A meeting this week regarding plans for the Shattuck Hospital reconfiguration looks to kick-start a second look at plans cemented by the state and City for supportive housing and social services – looking to potentially inform more people in the neighborhood about the possibilities that could exist for open space on the site.
Last year, many were shocked when the state agreed to purchase the Newton Pavilion hospital in the South End and move the Shattuck operations there. Instead of repairing the old Shattuck buildings, a state planning process took place over the last 10 months to look at health, housing and social services uses for the site.
Those plans are pretty much set in stone according to the state’s Department of Health and Human Services, but those in the neighborhood aren’t so sure the conversation is complete.
Micah Sachs, a board member of the Jamaica Pond Association, said that there is a new effort to take a second look at those plans. Several concerned individuals have joined with the Jamaica Plain Neighborhood Council’s (JPNC) Parks + Committee to hold the first in what they believe will be a series of meetings.
‘Finding a Balance,’ a dialog on best next steps to influence optimal park and housing integration, was the topic of a meeting last night, Oct. 24, in the Farnsworth House. While that meeting came too late for Gazette deadlines, Sachs said it was likely to just be the opening salvo in a longer discussion.
“The goal is to give them more information, especially in JP, but not just for JP,” he said. “We have other community groups interested, and one from Mattapan coming. We want to give everyone more time to understand this proposal on the development and potentially organize if there is a consensus for particular goals for the development…There’s definitely a spectrum with opinions on Parks Plus. I wouldn’t say we have a specific position. I think some it as a chance to maximize land for open space. Some see it as a balance. Others want a more friendly, harmonious design.”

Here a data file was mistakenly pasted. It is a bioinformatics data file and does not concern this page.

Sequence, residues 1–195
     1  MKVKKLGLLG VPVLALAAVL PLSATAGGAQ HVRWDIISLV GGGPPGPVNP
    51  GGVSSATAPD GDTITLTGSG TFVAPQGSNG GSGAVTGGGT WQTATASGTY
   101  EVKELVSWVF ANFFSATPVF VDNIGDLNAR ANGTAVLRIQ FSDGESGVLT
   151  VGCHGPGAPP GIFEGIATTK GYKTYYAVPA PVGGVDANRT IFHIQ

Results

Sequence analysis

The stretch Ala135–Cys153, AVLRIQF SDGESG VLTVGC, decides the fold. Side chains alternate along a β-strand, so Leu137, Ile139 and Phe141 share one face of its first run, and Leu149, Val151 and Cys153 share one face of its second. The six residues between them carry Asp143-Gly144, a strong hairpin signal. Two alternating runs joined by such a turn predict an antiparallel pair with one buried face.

Sachs said one of the major issues he’s come across, and the reason the movement has started, is he feels very few residents in JP understand what the planning process yielded for the new Shattuck.
“I heard about it on the sidelines, but I certainly didn’t have an opportunity to go to any meetings about it,” he said. “My sense in talking to people in the group is some on the Parks Plus, and hearing from friends and neighbors, is that the process has gone fairly rapidly and perhaps there’s a pre-determined outcome and a process that happened only because they had to have a process.”
He said the Master Plan for the site was supposed to be out in September, but it has now been delayed until December. He said he feels that leaves some time for those still concerned about the outcome to make some noise.
“There is delay here, so they are recognizing there is a difference of opinion,” he said. “So, potentially, there is an opportunity to still shape the process.”
Sachs said he and the others getting involved, which include Parks advocates Gerry Wright, Esther Tutella and Sarah Freeman, feel that the first meeting is just a beginning step. He said it won’t be a process to allow people to rant and rave about the issue, but to get together and figure out strategies and an organization.
Look for more information in the coming weeks for additional meetings on the Shattuck issue.